Tennessee Solicitor General Michael Moore dies

Michael E. Moore, who served as Tennessee's solicitor general for 17 years, died yesterday. He was 60. Mr. Moore obtained his law degree from Stanford University in 1975 and was admitted to the California and Tennessee bars. He received his bachelor's from Dartmouth College in 1972 (summa cum laude with high distinction). Arrangements are incomplete at this time.

Learn more about him from the attorney general's office

TODAY'S OPINIONS
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SUPREME COURT DISCRETIONARY APPEALS Grants & Denials List

Court: TSC

http://www.tba2.org/tba_files/TSC/2010/certlist_111510.pdf


CASCADE OHIO, INC., DBA C. W. OHIO, INC. v. MODERN MACHINE CORPORATION, A TENNESSEE CORPORATION, ET AL.

Court: TCA

Attorneys:

Cameron S. Hill, Clinton P. Sanko and Edward N. Boehm, Jr., Chattanooga, Tennessee, for the appellants, Modern Machine Corporation, a Tennessee corporation, Modern Machine Corporation, a Florida corporation, and John Sonnentag.

Robert S. Stone and David L. Hill, Knoxville, Tennessee, for the appellee, Cascade Ohio,Inc., dba C. W. Ohio, Inc.

Lynda M. Hill, Chattanooga, Tennessee, for the appellees, CMTD, Inc., formerly known as Cullum Machine, Tool & Die, Inc., Heinrich B. Dickhut, and Karen Dickhut.

Judge: SUSANO

Cascade Ohio, Inc., doing business as C. W. Ohio, Inc. ("the Customer"), sued Cullom Machine Tool & Die, Inc., now known as CMTD, Inc. ("the Seller"), and Modern Machine Corporation, a Tennessee corporation ("Modern Tennessee" or "the Buyer"), regarding a machine that the Seller had agreed to build for the Customer. After the Seller agreed to build the machine, the Seller entered into an agreement with the Buyer to sell its assets to the Buyer, including the Seller's contract to build the machine for the Customer. The machine was never built, prompting this lawsuit. Following a bench trial, the court held that the Seller and Buyer were liable to the Customer for the down payment made on the machine purchase. The court further held that the Buyer was liable to the Customer under the Tennessee Consumer Protection Act ("the TCPA"), trebled the Customer's damages, and held the Buyer responsible for the attorney's fees of the Customer. The court also held the Buyer liable to indemnify the Seller, including the attorney's fees of the Seller. The court also pierced the corporate veil of the Buyer and held parties related to the Buyer jointly liable with the Buyer. The Buyer and its related parties appeal. We reverse in part and modify in part. Except as modified or reversed, the judgment is affirmed. Case remanded.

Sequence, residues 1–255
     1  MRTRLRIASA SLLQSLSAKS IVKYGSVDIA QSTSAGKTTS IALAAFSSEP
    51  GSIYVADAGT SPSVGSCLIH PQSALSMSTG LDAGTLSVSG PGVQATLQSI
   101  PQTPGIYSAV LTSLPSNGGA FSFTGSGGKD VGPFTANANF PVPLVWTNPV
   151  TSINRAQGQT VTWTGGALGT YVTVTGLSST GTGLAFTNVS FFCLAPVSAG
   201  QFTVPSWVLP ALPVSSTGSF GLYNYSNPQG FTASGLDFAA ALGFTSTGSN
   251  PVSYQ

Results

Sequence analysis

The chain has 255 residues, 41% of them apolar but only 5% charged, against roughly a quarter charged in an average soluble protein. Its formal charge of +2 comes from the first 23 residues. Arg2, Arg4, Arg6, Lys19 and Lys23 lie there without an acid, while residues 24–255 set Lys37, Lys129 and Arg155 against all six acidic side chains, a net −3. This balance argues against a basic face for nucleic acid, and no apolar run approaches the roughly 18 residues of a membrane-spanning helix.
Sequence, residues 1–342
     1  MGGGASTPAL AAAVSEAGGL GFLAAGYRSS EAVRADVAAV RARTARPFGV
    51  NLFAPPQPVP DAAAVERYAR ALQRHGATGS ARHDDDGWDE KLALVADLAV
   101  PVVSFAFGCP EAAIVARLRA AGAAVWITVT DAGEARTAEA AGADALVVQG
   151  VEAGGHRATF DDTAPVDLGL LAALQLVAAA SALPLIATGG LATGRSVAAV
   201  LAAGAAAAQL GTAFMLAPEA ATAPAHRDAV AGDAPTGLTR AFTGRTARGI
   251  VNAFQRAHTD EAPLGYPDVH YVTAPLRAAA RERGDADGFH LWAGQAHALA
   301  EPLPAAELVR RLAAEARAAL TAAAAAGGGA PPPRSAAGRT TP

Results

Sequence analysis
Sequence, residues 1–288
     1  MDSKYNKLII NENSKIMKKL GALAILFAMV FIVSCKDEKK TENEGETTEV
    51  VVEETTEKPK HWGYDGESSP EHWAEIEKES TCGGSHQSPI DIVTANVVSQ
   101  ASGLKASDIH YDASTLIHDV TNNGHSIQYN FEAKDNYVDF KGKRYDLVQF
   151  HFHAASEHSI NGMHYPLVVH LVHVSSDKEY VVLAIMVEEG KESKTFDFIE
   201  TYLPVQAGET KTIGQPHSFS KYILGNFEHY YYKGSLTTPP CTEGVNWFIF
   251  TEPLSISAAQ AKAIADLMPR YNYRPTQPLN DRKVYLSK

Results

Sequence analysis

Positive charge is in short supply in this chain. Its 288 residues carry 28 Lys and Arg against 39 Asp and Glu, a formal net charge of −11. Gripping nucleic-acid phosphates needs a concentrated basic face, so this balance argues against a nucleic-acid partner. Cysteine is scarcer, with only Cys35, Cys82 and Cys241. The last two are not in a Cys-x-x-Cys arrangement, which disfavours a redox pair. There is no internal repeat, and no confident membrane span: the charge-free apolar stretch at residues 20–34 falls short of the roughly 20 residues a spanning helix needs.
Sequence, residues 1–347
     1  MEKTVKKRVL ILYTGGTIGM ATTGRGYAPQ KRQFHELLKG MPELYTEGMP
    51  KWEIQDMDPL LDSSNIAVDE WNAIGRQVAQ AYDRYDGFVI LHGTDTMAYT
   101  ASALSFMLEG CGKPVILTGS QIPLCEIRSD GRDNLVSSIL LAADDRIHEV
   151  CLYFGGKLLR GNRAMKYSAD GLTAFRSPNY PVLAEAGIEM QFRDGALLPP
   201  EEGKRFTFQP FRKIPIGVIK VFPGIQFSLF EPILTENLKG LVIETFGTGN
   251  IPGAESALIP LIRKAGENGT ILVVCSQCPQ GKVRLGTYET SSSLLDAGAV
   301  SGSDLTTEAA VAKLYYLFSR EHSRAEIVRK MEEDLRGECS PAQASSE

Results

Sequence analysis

http://www.tba2.org/tba_files/TCA/2010/cascade_111510.pdf


IN RE: PAULINE M., STEPHEN M., AND RACHAEL M.
CORRECTION is in the style of the case In Re: Pauline M., Stephen M. and Rachael M. rather than Stephanie M.


Court: TCA

Attorneys:

T. Wood Smith, Greeneville, Tennessee, for the appellant, Stephen M.

Sandra Lee Stanbery-Foster, Greeneville, Tennessee, for the appellant, Brenda M.

Robert E. Cooper, Jr., Attorney General and Reporter; and Michael E. Moore, Solicitor General; Elizabeth C. Driver, Senior Counsel, for appellee, State of Tennessee, Department of Children's Services.

Judge: STAFFORD

This is a termination of parental rights case. The trial court terminated both parent' rights to the children on grounds of: (1) abandonment by failure to provide a suitable home pursuant to Tenn. Code Ann. section 36-1-102(1)(A)(ii); and (2)persistence of conditions as set out at Tenn. Code Ann. section 36-1-113(g)(3). The trial court also terminated Father's parental rights on the additional ground of abandonment by failure to support pursuant to Tenn. Code Ann. section 36-102(1)(A)(i), and Mother's parental rights on the additional ground of mental incompetence pursuant to Tenn. Code Ann. section 36-1-113(g)(8)(B). Finding clear and convincing evidence in the record to support each of these grounds, as well as clear and convincing evidence that termination of Mother's and Father's parental rights is in the best interests of the children, we affirm.

http://www.tba2.org/tba_files/TCA/2010/paulinem_COR_111510.pdf


STATE OF TENNESSEE v. DON MASK BROWN, JR.

Court: TCCA

Attorneys:

Javier Michael Bailey, Memphis, Tennessee, for the Defendant-Appellant, Don Mask Brown, Jr.

Robert E. Cooper, Jr., Attorney General and Reporter; Cameron L. Hyder, Assistant Attorney General; D. Michael Dunavant, District Attorney General; and Joe Van Dyke, Assistant District Attorney General, for the Appellee, State of Tennessee.

Judge: MCMULLEN

The Defendant-Appellant, Don Mask Brown, Jr., was convicted by a Hardeman County jury of second degree murder, a Class A felony, and aggravated robbery, a Class B felony. He was sentenced as a violent offender to forty years for second degree murder and, as a multiple offender, to fifteen years for the aggravated robbery. The trial court ordered these sentences to be served consecutively, for an effective sentence of fifty-five years in the Tennessee Department of Correction. On appeal, Brown claims: (1) the trial court violated the principles of Blakely v. Washington by finding that several enhancement factors were applicable; and (2) the trial court should not have imposed consecutive sentencing. Upon review, we affirm the judgments of the trial court.

http://www.tba2.org/tba_files/TCCA/2010/brownd_111510.pdf


STATE OF TENNESSEE v. JONATHAN GREER

Court: TCCA

Attorneys:

Clifford K. McGown, Jr., Waverly, Tennessee; Gary F. Antrican, District Public Defender; and Kari I. Weber, Assistant Public Defender, for the appellant, Jonathan Greer.

Robert E. Cooper, Jr., Attorney General and Reporter; Leslie E. Price, Assistant Attorney General; D. Michael Dunavant, District Attorney General; and Terry D. Dycus, Assistant District Attorney General, for the appellee, Jonathan Greer.

Judge: WILLIAMS

The defendant, Jonathan Greer, was convicted by a Fayette County jury of robbery, a Class C felony, and sentenced to serve fifteen years in the Department of Correction. On appeal, the defendant has raised the single issue of sufficiency of the evidence. Specifically, he contends that his conviction is precluded by State v. Owens, 20 S.W.3d 634, 638 (Tenn. 2000), because the State failed to establish that the taking of the property was contemporaneous with the use of violence or fear. Following review of the record, we affirm the judgment of conviction.

http://www.tba2.org/tba_files/TCCA/2010/greerj_111510.pdf


TERRY JAMES LEE AKA TERRY LEE WILLIAMS v. STATE OF TENNESSEE

Court: TCCA

Attorneys:

George Morton Googe, District Public Defender, and Paul E. Meyers, Assistant Public Defender, for the appellant, Terry James Lee aka Terry Lee Williams.

Robert E. Cooper, Jr., Attorney General and Reporter, and Mary W. Francois, Assistant Attorney General, for the appellee, State of Tennessee.